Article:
In order to understand how the multiple use and users coexist in Nabaa through space and time, I mapped the main commercial and social practices on a busy artery in Nabaa (Sis Street) while highlighting the dimensions of time and space. Hence, the patterns of use and meaning of space are in a constant shift over the course of a single day, sometimes hours.

Due to high population density and scarcity of space, the area of the street is constantly rearranged to accommodate a multiplicity of users and needs. Rather than a mere circulation space, it is also a space for socialization, play, and daily economic exchange. As these configurations change, the street transforms, turn in turn, into a parking, a playground, a market, a workshop, a café, a display and/or a terrace. In so doing, narrow streets are constantly negotiated and reorganized to accommodate the changing needs of a wide variety of users: shoppers, dwellers, shopkeepers, street vendors, and children (Table 1).
 


[Table 1: Main users and practices of Nabaa’s narrow streets can be profiled based on two broad categories. Table by Petra Samaha]


By observing the use of space across time, the street is highlighted as a shared space with a multiplicity of mixed uses. In Nabaa, a typical day starts after shops open in the early morning and storekeepers lay out their products on the sidewalks as trucks deliver goods, blocking the roadway. In the afternoon, the street gets busier with more pedestrians, vendors, and cars, as well as children walking back from schools. In the evening, while commercial activities are still ongoing, the sidewalk transforms into a terrace for afternoon coffee, water pipe, or a round of backgammon. It’s the busiest time of the day. The importance of the time dimension here is paramount. While some practices retract at night, after street vendors clear the streets for example, the flexibility of space is highlighted, showing how the street is eventually defined by a patchwork of practices that works according to an elastic schedule. Ultimately, it is through this flexibility and the constantly shifting delineation of both the uses and boundaries that the street can fulfill the multiplicity of roles that it is ascribed.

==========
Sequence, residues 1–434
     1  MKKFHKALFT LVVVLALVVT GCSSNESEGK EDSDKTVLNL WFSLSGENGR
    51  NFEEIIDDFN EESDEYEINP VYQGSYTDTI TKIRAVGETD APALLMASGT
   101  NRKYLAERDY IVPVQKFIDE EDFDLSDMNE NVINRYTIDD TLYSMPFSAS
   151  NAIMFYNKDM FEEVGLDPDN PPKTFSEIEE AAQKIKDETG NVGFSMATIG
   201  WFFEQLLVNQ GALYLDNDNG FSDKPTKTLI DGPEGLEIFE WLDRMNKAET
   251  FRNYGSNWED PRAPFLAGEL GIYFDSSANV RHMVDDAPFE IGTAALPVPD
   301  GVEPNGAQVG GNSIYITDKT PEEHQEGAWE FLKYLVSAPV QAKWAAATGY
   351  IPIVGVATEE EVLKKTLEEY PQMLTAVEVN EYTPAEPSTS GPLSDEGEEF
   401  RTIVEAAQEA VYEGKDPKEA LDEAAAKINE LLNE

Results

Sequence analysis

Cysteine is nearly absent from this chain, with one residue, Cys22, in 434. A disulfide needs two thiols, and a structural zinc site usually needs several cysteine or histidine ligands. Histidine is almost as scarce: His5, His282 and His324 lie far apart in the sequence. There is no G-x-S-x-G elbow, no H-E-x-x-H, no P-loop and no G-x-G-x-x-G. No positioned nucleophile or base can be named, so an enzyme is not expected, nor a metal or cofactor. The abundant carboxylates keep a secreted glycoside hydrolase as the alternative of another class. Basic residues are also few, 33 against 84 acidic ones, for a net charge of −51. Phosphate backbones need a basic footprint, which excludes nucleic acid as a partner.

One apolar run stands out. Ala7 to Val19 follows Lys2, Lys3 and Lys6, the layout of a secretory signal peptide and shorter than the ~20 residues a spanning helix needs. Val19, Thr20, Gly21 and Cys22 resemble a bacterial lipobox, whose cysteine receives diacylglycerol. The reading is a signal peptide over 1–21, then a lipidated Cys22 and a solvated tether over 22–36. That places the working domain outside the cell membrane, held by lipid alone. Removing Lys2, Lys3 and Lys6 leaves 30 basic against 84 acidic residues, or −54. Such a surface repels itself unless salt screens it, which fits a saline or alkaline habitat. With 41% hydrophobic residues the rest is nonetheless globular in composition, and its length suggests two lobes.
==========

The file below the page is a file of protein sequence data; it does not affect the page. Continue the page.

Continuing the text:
Visitible and Inivisible Tactics

While looking at the ways Nabaa dwellers use the spaces of the neighborhood, practical arrangements and creative survival innovations were revealed. I present here the tactics used by the dwellers to fix the claims they make. Negotiations over space through bodies, cars, strollers, carts, bicycles, motorcycles, and trucks may well be organized to delineate the duration of each occupation. However, conflict is always only one step away as claims may often overlap.

In addition to the shops that extend their private spaces to use the sidewalk as displays or as working places, street vendors also have multiple arrangements for instance. They make careful choices in selecting trajectories, parking stops, and the location where they leave the cart at night. For them, the street cannot be reduced to a simple geographic trail; it is their survival place. Hence, their arrangements are often defined by day-to-day circumstances, which make them negotiate also with shopkeepers and pedestrians for space.

To better illustrate the different meanings that the space acquires over a day, or even an hour, I zoomed on a street corner and represented the percentage of occupation of the sidewalk/street by different uses along the day between religious, commercial, leisure and parking (Figures 1 & 2). The graph shows how the commercial aspect of a main street in Nabaa is mainly what enlivens it during daytime.
 

 
[Figure 1: A day in the life of a street corner. Image by Petra Samaha]

[Figure 2: Percentage of occupation of the street corner by different uses along the day based on the previous mapping.
Image by Petra Samaha]


The analysis of “time charts” was adapted from the methodology of Annette Kim’s work in Ho Chi Minh City in Vietnam. She underlined the significance of mixed use sidewalks and their organization/management, and regulation in order to be shared between various kinds of uses and users transforming hence into more than a space of circulation. Kim argued that the sidewalk can become a cooperative and livable space if planners incorporate ‘time’ into planning its space in order to expand its flexibility. Kim also described the significance of local self-control at the neighborhood levels to define how sidewalks operate and are managed. Hence, the sidewalk embeds a variety of spatial practices that comprise both innovation and conflict. Learning from street users about the conflicts and negotiations that produce the observed spatial arrangement, Kim called for ‘space sharing’, rather than ‘partitioning’ between the large group of legitimate street uses and users ensuring both fairness and urban vitality. Mapping how the sidewalk system in Ho Chi Minh City operated and transformed over time brings about questions of how the different users (vendors, property abutters, and police) negotiated space. This showed a high level of cooperation not only between property owners and vendors, but among vendors themselves, taking turns on the sidewalk or sharing the costs of capital investments such as plastic chairs and tables for their customers. Hence, the flexibility of the sidewalk accorded by the variables of “time, alternative narratives, and local enforcement” seemed vital for resolving conflicts or even anticipating them.